[Kde-perl] listview and filehandles

Rich scriptyrich at yahoo.co.uk
Sun Apr 25 15:12:44 CEST 2004

On Sunday 25 Apr 2004 2:50 am, Edward wrote:
> ok well. heres something really odd. when using the listView in perlqt i
> can no longer close or write to filehandles. they supposedly open fine
> but when i print to them nothing prints and when i close them using
> close FHA or die "cant close $pathname: $!";
> i get cant close /tmp/Adema.Adema: Bad file descriptor at
> /root/ui/form1.pl line 234
>     #    $pathname = "/tmp/Adema.Adema";
>     #    print "Opening file and printing to it\n";
>     #    open(FHA, "> $pathname")    or die "can't open $pathname: $!";
>     #    #flock(FH, LOCK_EX)        or die "can't flock $pathname: $!";
>     #    print FHA "hello there\n"     or die "cant print $pathname: $!";
>     #    close(FHA)            or die "cant close $pathname: $!";

This isn't going to answer your question, but a couple of suggestions:

1) Use a lexical scalar for filehandles.

On modern(ish) perls you can do the following:

open my $fh, ">", $pathname  or die "can't open $pathname: $!";   #<<<<
print $fh "hello there\n"     or die "cant print $pathname: $!";
close $fh                        or die "cant close $pathname: $!";

This is generally a good thing, as it both limits filehandle scope, and closes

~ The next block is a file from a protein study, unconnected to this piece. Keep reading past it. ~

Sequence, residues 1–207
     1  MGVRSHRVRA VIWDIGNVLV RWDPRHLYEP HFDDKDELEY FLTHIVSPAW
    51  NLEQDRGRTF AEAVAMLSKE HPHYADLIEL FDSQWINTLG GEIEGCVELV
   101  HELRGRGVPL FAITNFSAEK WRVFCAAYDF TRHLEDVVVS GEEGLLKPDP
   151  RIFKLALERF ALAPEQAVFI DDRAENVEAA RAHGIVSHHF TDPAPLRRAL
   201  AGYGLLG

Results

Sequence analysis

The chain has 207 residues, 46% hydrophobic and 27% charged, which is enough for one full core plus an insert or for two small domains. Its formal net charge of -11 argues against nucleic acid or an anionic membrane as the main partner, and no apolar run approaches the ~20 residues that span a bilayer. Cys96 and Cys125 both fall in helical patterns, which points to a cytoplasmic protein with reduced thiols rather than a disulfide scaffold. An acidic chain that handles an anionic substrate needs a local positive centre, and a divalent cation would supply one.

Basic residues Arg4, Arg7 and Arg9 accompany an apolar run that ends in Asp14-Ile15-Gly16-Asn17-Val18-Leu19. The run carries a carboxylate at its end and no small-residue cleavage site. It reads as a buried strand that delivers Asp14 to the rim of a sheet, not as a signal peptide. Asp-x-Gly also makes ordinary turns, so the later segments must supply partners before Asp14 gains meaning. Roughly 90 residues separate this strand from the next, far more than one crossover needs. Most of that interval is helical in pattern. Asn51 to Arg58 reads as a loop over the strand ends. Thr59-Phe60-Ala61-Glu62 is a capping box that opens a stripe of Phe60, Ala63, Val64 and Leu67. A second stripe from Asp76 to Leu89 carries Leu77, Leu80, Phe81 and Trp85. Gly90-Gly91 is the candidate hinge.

files when the handle goes out of scope, ie:

  open my $fh, ">", $pathname  or die "can't open $pathname: $!";   #<<<<
  print $fh "hello there\n"     or die "cant print $pathname: $!";

}  ## File closes here as $fh goes out of scope.

Its still a good idea to explicitly close files as soon as they're not needed 
however. You never know, that might solve your problem (but probably not).

Also note the three argument form of open is safer than the two argument form. 
perldoc -f open for lots of details (BTW the perlopentut docs for my version 
(5.8.0) seem pretty out of date as the examples dont use lexical scalars for 

2) $pathname = "/tmp/Adema.Adema";

Do you want a temporary file here? If so, you *must* use File::Temp - read the 
docs for the reasons why.

If you actually want to store data between runs, don't put the file in /tmp - 
this is for temporary files, and there's no guarantee when data in /tmp will 
be deleted. 

Instead you could use File::HomeDir to find a suitable directory, then create 
a hidden subdirectory and store data there - this will work on Unix style 
systems, for windows there would be better alternatives but I'm not in a 
position to comment.

3) If you're going to add file locking, make sure you read the docs in detail 
- there are some subtleties that make it easy to get wrong.

Sorry this doesn't answer your question, but it will make the code slightly 
more robust!
scriptyrich at yahoo.co.uk

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